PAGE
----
Oklahoma governor stays execution of Richard Glossip amid drug concerns
A US man on death row in Oklahoma has been granted a last minute stay of execution, and said he was happy to have 37 more days.
Governor Mary Fallin acted as Richard Glossip was set to be executed on Wednesday.
It came about an hour after the US Supreme Court rejected Glossip's request to halt his execution.
In her order, Ms Fallin granted a 37-day stay for Glossip, saying the state needed to determine whether its use of a new drug - potassium acetate - was in compliance.
She reset Glossip's execution for November 6.
Glossip has maintained his innocence in the 1997 death of an Oklahoma City motel owner.
He said he was still in his holding cell when he learned about the last-minute postponement of his scheduled execution.
In a phone interview from death row, he said officials gave him little information about the reason for the execution stay. He said he did not know that the delay was prompted because of a question over the use of the drug potassium acetate.
When told of the confusion over the drug, Glossip responded: "That's just crazy."
Glossip said he has now been returned to his normal cell on death row and is "happy to have 37 more days".
A spokesman for Ms Fallin said the state department of corrections reached out immediately to the attorney general's office once it realised it did not have the proper drugs for the planned execution of Glossip.
Spokesman Alex Weintz said the department gets the lethal drugs on the day of the execution, and prison officials did not realise they had potassium acetate instead of potassium chloride until they were delivered.
He said Ms Fallin is compassionate towards the family of victim Barry Van Treese but that it is her duty to make sure the execution is carried out properly.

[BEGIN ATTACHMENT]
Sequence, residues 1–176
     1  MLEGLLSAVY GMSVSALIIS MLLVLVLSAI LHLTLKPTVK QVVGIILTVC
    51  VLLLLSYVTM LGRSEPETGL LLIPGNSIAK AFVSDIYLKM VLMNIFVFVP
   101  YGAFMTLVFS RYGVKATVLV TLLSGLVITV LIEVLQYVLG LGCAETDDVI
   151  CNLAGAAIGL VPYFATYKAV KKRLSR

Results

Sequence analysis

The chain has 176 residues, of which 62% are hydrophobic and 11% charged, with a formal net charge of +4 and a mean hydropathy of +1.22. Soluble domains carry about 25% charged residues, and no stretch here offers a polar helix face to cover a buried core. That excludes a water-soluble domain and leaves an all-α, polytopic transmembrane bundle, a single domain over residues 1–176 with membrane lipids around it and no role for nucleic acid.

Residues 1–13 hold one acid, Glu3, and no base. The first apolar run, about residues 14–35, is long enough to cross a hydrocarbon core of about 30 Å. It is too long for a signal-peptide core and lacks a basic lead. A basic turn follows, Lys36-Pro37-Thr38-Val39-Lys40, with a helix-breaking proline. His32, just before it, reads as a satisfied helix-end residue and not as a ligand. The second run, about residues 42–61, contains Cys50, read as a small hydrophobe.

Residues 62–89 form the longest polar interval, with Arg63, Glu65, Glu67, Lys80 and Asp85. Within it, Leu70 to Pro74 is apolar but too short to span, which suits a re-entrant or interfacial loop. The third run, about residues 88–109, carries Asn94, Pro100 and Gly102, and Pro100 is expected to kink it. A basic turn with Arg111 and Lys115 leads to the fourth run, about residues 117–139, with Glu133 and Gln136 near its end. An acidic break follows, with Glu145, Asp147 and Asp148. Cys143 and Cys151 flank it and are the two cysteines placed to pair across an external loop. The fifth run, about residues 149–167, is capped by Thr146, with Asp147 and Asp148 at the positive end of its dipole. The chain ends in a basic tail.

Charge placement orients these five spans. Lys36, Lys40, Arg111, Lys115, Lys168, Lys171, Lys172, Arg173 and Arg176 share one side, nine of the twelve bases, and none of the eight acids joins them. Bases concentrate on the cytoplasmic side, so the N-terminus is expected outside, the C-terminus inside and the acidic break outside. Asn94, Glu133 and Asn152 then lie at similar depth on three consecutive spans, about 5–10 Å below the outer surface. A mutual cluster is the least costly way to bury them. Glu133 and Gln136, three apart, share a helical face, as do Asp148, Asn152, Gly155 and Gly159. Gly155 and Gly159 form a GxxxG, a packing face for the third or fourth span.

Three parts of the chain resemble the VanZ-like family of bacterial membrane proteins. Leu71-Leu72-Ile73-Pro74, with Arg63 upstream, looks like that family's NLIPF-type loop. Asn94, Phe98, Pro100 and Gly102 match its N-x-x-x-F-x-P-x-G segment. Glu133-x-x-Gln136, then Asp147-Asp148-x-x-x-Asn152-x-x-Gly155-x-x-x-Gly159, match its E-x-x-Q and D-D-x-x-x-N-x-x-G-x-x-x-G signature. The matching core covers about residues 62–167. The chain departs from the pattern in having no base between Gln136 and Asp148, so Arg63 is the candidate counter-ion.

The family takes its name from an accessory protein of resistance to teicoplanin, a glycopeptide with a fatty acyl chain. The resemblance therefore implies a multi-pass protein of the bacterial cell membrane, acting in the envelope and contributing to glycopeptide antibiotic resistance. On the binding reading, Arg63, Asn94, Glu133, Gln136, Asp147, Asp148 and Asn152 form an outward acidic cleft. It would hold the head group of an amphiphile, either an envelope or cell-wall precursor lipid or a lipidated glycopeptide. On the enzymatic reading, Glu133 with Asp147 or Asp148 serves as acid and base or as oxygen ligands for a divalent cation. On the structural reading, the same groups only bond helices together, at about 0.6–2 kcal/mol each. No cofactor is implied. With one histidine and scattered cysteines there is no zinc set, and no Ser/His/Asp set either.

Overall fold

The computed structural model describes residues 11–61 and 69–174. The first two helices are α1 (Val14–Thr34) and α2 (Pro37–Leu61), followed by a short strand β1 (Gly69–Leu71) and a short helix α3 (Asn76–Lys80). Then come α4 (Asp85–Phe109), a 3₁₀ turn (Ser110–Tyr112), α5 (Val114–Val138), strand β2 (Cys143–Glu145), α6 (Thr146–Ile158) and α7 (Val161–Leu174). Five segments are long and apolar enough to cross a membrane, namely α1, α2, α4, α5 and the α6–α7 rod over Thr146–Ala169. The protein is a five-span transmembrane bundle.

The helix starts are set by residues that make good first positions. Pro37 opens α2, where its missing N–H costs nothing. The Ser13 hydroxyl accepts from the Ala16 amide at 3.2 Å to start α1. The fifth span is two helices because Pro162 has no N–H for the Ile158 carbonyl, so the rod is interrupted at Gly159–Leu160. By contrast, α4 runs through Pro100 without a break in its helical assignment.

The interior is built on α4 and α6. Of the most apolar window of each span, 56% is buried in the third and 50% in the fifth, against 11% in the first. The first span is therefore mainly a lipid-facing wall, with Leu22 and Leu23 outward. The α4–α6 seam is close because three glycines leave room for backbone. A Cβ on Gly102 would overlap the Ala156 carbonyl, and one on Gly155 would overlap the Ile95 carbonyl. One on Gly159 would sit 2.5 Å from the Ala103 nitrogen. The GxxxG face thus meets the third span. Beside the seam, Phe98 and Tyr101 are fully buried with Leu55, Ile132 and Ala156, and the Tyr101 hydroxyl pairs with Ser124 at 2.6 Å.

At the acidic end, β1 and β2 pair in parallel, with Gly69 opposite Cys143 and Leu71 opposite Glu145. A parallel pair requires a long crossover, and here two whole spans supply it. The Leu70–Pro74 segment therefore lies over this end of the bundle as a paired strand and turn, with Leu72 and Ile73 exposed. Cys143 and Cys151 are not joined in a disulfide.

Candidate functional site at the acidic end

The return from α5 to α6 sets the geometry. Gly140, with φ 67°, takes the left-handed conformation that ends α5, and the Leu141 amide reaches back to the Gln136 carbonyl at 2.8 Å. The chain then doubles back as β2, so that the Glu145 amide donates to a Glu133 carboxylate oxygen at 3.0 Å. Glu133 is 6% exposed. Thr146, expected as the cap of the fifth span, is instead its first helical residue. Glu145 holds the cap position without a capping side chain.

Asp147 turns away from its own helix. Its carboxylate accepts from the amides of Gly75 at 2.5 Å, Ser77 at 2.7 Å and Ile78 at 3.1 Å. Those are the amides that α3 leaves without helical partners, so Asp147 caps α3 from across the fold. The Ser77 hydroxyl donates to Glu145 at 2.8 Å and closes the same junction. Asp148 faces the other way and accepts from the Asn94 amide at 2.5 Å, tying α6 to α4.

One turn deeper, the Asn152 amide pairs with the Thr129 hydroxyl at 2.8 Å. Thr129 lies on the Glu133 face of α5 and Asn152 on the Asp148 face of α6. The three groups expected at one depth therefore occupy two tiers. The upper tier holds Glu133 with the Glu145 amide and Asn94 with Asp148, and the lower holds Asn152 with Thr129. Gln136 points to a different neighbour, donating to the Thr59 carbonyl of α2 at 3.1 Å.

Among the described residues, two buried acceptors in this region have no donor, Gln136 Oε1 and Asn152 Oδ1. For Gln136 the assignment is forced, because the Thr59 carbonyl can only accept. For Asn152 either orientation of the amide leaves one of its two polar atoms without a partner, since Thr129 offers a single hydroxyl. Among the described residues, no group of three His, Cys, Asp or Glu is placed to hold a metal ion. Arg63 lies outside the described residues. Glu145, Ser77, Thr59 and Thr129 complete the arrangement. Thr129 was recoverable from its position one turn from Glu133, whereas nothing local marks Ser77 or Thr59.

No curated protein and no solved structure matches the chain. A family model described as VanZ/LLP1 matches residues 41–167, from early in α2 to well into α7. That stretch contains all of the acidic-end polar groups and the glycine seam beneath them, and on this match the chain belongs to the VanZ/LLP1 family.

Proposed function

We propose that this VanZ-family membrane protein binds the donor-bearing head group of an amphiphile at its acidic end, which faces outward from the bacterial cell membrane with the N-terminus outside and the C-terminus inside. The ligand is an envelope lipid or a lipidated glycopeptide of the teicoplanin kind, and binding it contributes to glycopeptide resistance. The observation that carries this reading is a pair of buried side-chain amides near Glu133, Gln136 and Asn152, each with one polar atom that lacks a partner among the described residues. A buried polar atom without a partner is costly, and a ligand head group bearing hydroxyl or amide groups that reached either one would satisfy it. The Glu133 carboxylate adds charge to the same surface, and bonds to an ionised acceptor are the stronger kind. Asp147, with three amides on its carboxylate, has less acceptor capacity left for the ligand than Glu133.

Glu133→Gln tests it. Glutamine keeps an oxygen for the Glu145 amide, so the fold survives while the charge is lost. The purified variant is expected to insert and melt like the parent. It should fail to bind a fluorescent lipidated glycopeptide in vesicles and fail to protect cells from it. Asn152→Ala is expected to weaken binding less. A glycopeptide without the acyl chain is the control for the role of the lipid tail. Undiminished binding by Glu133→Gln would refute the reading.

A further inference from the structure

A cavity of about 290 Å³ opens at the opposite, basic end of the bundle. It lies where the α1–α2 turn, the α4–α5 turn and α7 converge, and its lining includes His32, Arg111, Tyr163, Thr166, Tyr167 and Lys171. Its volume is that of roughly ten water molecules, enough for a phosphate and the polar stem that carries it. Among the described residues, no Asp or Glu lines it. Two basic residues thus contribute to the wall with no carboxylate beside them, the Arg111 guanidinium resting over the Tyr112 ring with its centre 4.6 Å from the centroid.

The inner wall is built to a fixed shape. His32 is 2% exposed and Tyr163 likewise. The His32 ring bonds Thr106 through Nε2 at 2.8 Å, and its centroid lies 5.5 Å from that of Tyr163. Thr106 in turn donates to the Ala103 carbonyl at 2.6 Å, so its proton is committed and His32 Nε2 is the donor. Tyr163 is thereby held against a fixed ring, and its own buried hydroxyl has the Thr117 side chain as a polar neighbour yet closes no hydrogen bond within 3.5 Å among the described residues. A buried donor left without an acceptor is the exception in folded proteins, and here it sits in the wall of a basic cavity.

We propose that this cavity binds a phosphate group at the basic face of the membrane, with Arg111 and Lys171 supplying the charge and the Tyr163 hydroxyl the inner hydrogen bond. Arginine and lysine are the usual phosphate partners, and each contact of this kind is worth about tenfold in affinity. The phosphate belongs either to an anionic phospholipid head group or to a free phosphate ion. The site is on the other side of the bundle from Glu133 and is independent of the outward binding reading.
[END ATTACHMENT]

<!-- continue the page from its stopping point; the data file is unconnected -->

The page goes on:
A spokesman for Attorney General Scott Pruitt said it is unclear why the department had the wrong drug and that he views the situation as "extremely frustrating".
Earlier, about 30 people had gathered in front of Ms Fallin's mansion to protest against the scheduled execution.
British billionaire Richard Branson took out a full-page ad in The Oklahoman newspaper urging the state to stop the planned execution of Glossip, saying there is a "breathtaking" lack of evidence in the case.
Hollywood actress Susan Sarandon and death penalty opponent Sister Helen Prejean also have taken up Glossip's cause, while a representative for Pope Francis had also asked Ms Fallin to commute the death sentence.
Glossip has maintained his innocence despite being convicted twice for his role in the 1997 beating death of Mr Van Treese, the owner of an Oklahoma City motel Glossip managed.
He was convicted of having a co-worker kill Mr Van Treese after he found a discrepancy in the motel's books.
Glossip's lawyers claim they have new evidence that suggests co-defendant Justin Sneed acted alone.
The new evidence includes a signed affidavit from another inmate who said he heard Sneed say he framed Glossip.